How Parents are Reshaping College

lead_960.jpgAfter Jonah got his acceptance letter to college, we thought we reached the parenting finish line. Woot! Victory lap! High fives! Margaritas for all!

And then I started talking to people. I was a little surprised about what I found out. So, I wrote an article.

Stacy G.’s daughter was having a meltdown. Her daughter, a sophomore at a prestigious private college, wanted an internship at Boston Children’s Hospital, a plum job that would look great on her applications to graduate school. After four weeks of frantically waiting for the school to arrange for an interview at the hospital, Stacy called her daughter’s adviser at the internships office to complain.

“For $65,000 [in full attendance costs], you can bet your sweet ass that I’m calling that school … If your children aren’t getting what they’ve been promised, colleges are going to get that phone call from parents,” Stacy said. “It’s my money. It’s a lot of money. We did try to have her handle it on her own, but when it didn’t work out, I called them.”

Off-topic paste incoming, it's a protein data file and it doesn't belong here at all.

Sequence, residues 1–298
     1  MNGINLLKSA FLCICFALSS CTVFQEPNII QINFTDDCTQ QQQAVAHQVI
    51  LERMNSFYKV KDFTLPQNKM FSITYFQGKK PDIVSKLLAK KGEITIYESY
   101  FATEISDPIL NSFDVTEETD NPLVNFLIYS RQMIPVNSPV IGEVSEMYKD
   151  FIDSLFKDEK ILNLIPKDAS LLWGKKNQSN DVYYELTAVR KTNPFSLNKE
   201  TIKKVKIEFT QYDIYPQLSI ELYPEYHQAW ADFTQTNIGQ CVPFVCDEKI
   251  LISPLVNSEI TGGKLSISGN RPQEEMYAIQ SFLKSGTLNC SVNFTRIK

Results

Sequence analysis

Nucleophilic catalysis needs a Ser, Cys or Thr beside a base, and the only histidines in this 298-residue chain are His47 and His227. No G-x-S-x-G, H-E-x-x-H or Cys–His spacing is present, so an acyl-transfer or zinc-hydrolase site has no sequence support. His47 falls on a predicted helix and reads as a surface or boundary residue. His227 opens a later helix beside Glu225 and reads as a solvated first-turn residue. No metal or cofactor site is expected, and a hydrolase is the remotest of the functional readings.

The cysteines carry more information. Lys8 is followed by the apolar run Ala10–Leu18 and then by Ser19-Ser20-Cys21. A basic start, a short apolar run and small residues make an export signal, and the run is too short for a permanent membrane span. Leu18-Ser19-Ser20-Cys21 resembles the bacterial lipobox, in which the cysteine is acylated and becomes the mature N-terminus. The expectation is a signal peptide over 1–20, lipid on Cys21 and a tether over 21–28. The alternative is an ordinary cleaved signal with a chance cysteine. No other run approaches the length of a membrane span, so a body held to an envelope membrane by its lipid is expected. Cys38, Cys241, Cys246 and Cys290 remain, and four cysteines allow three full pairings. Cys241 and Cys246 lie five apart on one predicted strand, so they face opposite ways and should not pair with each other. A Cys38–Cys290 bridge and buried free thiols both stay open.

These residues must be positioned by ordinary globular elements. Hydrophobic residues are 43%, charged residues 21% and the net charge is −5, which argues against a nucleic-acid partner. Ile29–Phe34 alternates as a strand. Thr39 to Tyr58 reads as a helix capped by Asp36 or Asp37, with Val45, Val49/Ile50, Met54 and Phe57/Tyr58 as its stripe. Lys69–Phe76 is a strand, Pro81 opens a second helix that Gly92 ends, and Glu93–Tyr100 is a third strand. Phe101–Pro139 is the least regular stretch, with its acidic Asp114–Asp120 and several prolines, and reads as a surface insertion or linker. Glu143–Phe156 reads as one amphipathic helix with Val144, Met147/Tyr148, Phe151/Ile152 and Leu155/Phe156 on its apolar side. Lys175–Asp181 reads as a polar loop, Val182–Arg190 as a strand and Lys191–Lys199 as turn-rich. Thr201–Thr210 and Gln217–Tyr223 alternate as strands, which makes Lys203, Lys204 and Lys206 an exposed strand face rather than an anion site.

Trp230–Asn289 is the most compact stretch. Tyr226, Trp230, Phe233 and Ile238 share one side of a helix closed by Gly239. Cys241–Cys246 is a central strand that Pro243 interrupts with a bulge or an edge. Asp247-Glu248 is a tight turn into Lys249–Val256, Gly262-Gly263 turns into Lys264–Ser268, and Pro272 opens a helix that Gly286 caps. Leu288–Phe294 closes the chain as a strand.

More here

 

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35 thoughts on “How Parents are Reshaping College

  1. It is mentioned, but I think the article gives insufficient attention to what I would consider a major factor in greater parental involvement and interaction with the university, namely, that a higher percentage of parents are themselves college graduates. When I was in college, I knew that calling in my parents was the best way to get what I wanted from the administration. Nowadays, more and more students and parents know that.

  2. I would have never dreamed of asking my parents to call the administration. Or talking to them three times a day.

    1. For one thing, long distance used to be SO expensive.

      I was a dutiful daughter/granddaughter, and my phone bills were ENORMOUS.

      1. Yes. And universities had a racket with the phone system so it was even more than the standard, expensive rates. Of course, my parents would usually call me back on their own dime after I called them.

      2. I remember long distance. But luckily my parents were of the super thrifty WW2 generation. They were uncomfortable with running up bills. Once the initial homesickness wore off I talked to them once every other week.